Dogs (Nina Nastasia album)

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Nina Dogs.jpg
Studio album by
June 8, 2004 (re-release)[1]
RecordedOctober 1999
StudioElectrical Audio, Chicago
ProducerSteve Albini
Nina Nastasia chronology
The Blackened Air
Alternative cover
2004 re-release cover art
2004 re-release cover art
Professional ratings
Review scores
Chicago Reader(favorable)[3]

Dogs is the debut studio album by American singer-songwriter Nina Nastasia. It was originally released in 2000 by the New York City-based independent label Socialist Records, and re-released in 2004 by Touch and Go Records. Engineered and produced by Steve Albini, the album gained notoriety after BBC radio disc jockey John Peel championed it, giving it frequent airplay on Radio 1.

Written over a six-year period, the album is lyrically reflective of Nastasia's early life growing up in Los Angeles, California, and features sparse acoustic guitar compositions with prominent string arrangements. The album garnered favorable critical reviews, and its 2004 re-release helped earn Nastasia a cult following.[7]


The majority of Dogs was written over a six-year period between 1992 and 1998 when Nastasia, a Los Angeles native, relocated to New York City with a friend.[8][9] Prior, she had lived in Seattle, where she taught herself to play guitar.[9] During writing the material that would come to be featured on Dogs, Nastasia was working as a waitress, a job that made her "so miserable" she "spent the rest of [her] waking hours writing songs."[9]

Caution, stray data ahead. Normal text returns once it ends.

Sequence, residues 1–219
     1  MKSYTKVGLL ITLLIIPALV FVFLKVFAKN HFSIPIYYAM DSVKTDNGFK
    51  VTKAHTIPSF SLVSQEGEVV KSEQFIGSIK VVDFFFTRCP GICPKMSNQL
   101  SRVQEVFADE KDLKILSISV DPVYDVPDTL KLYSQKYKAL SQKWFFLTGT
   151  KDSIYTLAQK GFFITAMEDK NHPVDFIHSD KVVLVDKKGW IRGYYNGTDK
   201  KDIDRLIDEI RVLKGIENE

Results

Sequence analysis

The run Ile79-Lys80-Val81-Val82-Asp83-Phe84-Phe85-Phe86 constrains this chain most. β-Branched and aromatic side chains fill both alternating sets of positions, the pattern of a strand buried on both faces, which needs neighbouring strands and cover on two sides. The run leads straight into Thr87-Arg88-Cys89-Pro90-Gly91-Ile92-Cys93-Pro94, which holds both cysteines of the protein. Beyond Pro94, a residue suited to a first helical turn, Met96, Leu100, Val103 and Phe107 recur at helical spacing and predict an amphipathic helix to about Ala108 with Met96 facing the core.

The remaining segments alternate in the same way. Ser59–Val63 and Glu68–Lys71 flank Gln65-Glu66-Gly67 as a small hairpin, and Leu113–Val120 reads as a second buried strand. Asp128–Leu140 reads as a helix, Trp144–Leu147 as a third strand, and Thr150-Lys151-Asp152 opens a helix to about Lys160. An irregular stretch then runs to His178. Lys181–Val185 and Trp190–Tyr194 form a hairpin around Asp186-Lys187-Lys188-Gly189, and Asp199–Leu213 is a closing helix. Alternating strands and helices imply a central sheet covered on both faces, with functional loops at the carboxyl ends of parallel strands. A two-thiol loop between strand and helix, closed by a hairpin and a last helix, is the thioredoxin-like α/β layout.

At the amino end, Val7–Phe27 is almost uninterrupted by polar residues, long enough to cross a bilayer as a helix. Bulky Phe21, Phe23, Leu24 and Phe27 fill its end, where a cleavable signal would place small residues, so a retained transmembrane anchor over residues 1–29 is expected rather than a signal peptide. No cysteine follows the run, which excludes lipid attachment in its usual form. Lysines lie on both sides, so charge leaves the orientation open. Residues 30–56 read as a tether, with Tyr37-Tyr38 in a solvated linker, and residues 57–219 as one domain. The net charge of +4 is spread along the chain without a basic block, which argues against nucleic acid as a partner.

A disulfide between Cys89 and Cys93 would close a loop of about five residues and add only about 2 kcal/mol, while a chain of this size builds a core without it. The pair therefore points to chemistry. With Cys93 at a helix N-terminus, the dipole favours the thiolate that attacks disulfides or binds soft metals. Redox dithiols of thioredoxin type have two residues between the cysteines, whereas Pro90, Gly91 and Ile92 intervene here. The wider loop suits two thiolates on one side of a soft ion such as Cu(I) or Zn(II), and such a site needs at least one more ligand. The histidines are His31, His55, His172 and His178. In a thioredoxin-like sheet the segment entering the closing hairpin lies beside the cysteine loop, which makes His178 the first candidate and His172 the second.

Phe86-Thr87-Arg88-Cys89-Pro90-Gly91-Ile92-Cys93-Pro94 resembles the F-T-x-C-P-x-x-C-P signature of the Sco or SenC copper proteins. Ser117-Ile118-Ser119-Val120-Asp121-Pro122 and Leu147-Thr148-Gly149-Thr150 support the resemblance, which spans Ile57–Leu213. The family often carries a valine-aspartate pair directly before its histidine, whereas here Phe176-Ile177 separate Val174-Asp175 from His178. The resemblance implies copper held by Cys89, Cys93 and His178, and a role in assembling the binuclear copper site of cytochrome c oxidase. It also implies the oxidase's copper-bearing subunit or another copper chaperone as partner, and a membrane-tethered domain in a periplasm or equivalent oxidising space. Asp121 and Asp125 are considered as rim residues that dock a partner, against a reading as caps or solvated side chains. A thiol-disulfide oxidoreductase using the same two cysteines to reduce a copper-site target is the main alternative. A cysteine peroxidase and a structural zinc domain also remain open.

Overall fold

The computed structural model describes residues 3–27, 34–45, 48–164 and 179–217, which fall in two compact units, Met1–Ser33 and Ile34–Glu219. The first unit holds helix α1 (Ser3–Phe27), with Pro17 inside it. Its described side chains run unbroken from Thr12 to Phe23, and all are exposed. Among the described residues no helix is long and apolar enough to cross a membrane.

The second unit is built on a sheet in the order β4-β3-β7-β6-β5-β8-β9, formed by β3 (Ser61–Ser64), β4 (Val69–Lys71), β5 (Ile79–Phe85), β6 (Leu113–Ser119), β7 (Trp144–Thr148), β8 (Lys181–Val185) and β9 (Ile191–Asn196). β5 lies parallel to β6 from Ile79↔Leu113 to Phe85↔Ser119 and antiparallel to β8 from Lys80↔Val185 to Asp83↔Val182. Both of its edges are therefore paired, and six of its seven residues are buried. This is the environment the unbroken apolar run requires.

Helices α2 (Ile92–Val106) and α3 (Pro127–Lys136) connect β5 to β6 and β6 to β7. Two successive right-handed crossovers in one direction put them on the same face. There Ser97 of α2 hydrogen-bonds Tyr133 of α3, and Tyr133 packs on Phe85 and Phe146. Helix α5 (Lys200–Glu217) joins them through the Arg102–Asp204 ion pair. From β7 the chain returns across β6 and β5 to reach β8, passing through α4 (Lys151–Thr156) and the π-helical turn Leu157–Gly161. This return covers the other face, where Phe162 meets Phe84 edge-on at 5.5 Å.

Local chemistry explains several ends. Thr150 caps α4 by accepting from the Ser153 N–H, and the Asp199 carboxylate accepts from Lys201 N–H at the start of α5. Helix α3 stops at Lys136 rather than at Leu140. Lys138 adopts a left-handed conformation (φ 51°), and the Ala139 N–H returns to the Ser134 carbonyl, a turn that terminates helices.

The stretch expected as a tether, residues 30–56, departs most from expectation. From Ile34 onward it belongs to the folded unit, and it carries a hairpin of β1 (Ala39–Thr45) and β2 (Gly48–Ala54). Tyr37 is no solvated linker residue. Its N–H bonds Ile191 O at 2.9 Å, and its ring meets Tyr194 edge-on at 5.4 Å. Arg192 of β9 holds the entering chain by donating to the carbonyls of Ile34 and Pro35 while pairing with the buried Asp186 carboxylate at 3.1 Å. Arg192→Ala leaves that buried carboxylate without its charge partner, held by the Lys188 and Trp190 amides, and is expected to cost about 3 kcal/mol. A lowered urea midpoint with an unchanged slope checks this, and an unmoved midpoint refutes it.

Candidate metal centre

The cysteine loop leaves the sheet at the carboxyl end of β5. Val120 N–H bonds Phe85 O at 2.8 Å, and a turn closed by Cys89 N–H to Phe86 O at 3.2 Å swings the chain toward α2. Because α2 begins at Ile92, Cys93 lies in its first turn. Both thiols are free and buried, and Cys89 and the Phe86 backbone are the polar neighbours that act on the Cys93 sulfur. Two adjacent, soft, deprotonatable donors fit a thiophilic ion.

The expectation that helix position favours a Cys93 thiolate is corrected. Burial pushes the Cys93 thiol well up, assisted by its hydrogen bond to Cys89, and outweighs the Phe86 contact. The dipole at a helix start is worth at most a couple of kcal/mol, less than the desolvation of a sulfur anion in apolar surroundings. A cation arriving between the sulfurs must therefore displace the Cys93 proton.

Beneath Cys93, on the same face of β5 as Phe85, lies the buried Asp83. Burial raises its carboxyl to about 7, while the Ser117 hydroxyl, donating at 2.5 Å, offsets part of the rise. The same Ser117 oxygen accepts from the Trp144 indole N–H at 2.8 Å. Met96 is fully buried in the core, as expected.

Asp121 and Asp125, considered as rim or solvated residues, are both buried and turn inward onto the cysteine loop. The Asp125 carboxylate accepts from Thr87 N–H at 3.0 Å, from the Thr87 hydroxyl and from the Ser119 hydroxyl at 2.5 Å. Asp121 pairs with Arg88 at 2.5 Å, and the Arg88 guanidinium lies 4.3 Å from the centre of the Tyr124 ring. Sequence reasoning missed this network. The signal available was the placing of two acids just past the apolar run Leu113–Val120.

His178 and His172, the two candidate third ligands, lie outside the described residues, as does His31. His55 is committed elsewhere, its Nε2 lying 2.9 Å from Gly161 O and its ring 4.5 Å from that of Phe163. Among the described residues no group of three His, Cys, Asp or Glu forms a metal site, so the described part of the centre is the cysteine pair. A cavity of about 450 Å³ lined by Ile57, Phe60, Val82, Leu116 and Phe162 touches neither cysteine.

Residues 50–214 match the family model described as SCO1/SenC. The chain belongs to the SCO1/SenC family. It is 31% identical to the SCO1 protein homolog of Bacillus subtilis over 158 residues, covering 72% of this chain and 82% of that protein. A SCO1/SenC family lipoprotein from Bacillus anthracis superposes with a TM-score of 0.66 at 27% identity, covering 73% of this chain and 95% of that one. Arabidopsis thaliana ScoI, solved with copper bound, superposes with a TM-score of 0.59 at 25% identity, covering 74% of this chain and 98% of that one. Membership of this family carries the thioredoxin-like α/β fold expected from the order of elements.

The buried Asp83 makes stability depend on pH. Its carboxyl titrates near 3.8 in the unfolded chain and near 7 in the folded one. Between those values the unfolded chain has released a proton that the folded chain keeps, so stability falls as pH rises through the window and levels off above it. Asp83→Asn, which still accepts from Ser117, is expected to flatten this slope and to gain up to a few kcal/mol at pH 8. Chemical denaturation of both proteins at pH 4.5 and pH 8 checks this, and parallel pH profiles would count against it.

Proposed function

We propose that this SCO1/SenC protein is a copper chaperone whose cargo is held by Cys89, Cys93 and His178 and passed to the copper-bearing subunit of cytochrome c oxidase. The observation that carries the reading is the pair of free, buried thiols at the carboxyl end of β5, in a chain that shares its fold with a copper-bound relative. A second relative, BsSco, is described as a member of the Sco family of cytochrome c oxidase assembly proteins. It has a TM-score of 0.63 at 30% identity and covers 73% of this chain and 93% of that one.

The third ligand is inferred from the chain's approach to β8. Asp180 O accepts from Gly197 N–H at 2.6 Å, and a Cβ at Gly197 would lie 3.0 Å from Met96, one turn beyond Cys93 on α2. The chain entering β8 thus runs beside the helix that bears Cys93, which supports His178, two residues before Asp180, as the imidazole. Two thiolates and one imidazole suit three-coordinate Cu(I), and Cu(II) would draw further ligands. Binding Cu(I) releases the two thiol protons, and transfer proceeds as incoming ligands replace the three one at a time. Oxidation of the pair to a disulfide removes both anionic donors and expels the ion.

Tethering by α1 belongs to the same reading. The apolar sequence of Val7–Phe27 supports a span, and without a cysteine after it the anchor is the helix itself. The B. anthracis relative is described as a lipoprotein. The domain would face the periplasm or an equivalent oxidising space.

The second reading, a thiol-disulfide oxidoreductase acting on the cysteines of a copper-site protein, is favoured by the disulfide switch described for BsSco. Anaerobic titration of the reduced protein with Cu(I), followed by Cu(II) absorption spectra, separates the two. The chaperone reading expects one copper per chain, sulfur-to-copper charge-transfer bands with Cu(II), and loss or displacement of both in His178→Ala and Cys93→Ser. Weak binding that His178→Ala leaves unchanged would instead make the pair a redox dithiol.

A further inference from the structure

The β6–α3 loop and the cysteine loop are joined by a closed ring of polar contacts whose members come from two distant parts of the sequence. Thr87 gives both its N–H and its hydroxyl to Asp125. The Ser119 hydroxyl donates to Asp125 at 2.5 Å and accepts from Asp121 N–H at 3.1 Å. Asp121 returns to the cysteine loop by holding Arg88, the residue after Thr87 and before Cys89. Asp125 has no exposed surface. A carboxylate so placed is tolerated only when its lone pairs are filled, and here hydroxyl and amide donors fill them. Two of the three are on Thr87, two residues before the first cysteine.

"Most of what's historical on this record comes from my years in Los Angeles," she commented. "New York City has probably not had so much of an effect on what I write as it has on whether or not I write at all. I think that living somewhere else then might have been healthier for me."[9]


Nastasia recorded the album at Electrical Audio in Chicago under producer and engineer Steve Albini; Albini later described it as one of the albums he is the most proud of, as well as one of his personal favorites:

"In the process of making a record, you hear it so many times that the charms of even the best of them can wear off through over-exposure. On rare occasions, records I've worked on have withstood this scrutiny and ended up being personal favorites. Nina Nastasia's 'Dogs' is a record so simultaneously unassuming and grandiose that I can't really describe it, except in terms that would make it (and me) sound silly. Of the couple thousand records I've been involved with, this is one of my favourites, and one that I'm proud to be associated with."[10]

Recalling her time in the studio with Albini, Nastasia said she was unaware of his career in the music industry:

Well, it's funny, I really don't know a lot about music, so I didn't really... I knew about him, but it wasn't like I had followed him or anything... [I] actually had friends that had recorded with him before, or had recorded in his studio and recommended it as a place to work, and recommended him. And then we listened to records that he had recorded and liked the sound of it. And we wanted to record everything live, so it made sense. And he's very, very accessible – y'know, we sent him a tape to see if he was interested in recording it, and he said, yes, I am! But I think he's interested in recording anybody! That's the great thing about that place – anybody can go and work with him. It's a very reasonable price too, for what you're getting.[8]


Dogs was first released on the small independent label Socialist Records in 2000.[11] It received a short run of compact disc pressings featuring hand-pasted photographs and hand-set type,[12] which went out of print within the year.[11] Through word of mouth, it continued to gain traction internationally, receiving considerable airplay in the United Kingdom—[11] particularly on BBC Radio 1 by disc jockey John Peel who championed the album, calling it "astonishing."[13] This resulted in a re-issue of the album on June 7, 2004, by Touch and Go Records.[11]